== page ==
Ban handheld devices while driving in Pa.
Pennsylvania is the only state among its neighbors to permit the use of handheld wireless electronic devices while driving. It’s time for the commonwealth to ban this risky habit, too.
Sen. Rosemary Brown, R-Monroe, has again introduced legislation to bring Pennsylvania in line with 25 other states — and safety recommendations — by banning driving “while holding or supporting any electronic wireless device.” The Senate Transportation Committee passed the bill, 13-1, setting up a bipartisan push to make the state’s roads safer.
Distracted driving kills and maims. Fourteen percent of fatal car crashes involve cell phone usage. The National Highway Traffic Safety Administration reports that more than 3,500 people died needlessly in distracted driving incidents in 2021, up more than 20% from 2,800 in 2018. Cell phones are implicated in a smaller number of distracted driving accidents, but the Insurance Institute for Highway Safety notes that data are collected from police reports, which almost certainly undercount the number of distracted-driving incidents.
Numerous studies have shown drivers perform poorly when distracted by their devices — and not just by texting. Programming smartphone navigation systems, in fact, is associated with more dangerous incidents than regular texting. Research on the dangers of speaking on a handheld phone is mixed, but it certainly diverts attention that should focus on the road.
The IIHS reports that full cellphone bans — like the one the Pennsylvania Senate is considering — have been shown to reduce accidents, with Oregon and Washington recording a roughly 10% drop in rear-end collisions after adopting full bans in 2017. Interestingly, California did not achieve the same result, perhaps because its 2017 cellphone law could be read to allow usage during temporary stoppages, such as in famous California traffic.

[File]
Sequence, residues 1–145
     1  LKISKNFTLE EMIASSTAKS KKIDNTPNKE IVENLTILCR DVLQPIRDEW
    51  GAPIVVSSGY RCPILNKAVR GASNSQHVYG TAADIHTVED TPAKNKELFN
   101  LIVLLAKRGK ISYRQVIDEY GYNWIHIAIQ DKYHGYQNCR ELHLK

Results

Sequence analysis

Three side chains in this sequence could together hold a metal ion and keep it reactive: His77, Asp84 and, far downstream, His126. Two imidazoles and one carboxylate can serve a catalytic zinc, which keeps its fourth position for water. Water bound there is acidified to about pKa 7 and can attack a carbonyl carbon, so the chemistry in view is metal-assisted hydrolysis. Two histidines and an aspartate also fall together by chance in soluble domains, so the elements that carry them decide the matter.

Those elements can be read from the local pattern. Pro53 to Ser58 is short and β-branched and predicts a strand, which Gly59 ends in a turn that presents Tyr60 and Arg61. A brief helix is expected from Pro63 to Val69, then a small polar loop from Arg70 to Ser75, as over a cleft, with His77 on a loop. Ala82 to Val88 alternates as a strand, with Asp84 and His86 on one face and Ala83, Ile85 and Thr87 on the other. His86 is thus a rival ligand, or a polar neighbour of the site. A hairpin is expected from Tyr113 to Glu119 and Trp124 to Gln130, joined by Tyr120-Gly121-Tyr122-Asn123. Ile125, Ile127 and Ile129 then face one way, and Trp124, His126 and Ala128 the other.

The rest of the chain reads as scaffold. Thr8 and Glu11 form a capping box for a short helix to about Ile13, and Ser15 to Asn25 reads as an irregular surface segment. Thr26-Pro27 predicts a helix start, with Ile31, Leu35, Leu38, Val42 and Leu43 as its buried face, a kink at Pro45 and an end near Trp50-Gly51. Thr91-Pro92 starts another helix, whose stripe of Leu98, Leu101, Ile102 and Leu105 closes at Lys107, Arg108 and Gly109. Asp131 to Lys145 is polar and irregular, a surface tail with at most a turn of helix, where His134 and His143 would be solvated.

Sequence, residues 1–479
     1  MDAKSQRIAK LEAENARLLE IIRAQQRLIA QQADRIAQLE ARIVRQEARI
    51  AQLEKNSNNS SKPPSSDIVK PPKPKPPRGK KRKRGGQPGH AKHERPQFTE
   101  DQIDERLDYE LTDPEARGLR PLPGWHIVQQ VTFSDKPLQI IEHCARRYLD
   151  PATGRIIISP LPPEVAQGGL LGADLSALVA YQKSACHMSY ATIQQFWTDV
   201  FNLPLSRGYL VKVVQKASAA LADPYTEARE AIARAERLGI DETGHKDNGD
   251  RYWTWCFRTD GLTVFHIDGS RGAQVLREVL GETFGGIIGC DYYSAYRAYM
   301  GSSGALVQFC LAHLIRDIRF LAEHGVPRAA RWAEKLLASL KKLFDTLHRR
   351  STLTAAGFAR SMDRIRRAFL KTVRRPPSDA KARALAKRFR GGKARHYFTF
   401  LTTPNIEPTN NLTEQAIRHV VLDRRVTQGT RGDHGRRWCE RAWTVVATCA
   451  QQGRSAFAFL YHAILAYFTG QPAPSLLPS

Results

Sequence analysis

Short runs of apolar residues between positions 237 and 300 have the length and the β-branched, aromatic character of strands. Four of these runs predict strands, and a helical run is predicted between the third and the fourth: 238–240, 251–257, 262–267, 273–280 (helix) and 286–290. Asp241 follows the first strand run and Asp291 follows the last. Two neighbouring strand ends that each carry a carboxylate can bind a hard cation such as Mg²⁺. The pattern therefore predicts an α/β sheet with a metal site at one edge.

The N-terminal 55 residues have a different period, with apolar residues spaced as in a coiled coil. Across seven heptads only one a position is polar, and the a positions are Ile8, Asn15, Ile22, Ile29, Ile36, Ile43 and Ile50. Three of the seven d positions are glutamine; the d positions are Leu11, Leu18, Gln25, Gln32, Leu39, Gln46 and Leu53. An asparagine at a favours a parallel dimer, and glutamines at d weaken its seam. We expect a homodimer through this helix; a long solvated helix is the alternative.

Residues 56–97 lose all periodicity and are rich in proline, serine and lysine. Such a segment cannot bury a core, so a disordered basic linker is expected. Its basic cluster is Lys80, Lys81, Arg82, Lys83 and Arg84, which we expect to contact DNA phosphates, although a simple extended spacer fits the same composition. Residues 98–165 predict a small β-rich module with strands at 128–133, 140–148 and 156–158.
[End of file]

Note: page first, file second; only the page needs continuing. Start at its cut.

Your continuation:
But even if the effects of the ban aren’t all one would hope, the law is a teacher; it is good to ban an activity that endangers others merely for the convenience of the driver.
One argument against expanding Pennsylvania’s current texting-and-driving law is providing police with another excuse for so-called pretextual traffic stops, where officers pull over a motorist they suspect of some other crime for a minor offense. Because the law would make handheld electronic device use a primary offense, it would not be covered by local restrictions in Philadelphia and Pittsburgh on police performing stops for secondary offenses, like broken tail lights.
That argument, however, could be used against any traffic safety regulation. The problem is with pretextual stops, not with safety laws that might possibly be abused.
The state Senate should quickly take up Ms. Brown’s bill and pass it into law. It’s time for Pennsylvania drivers to form new and safer habits while on the road, so that fewer people are needlessly hurt or killed due to distracted driving.
— From the Pittsburgh Post-Gazette (TNS).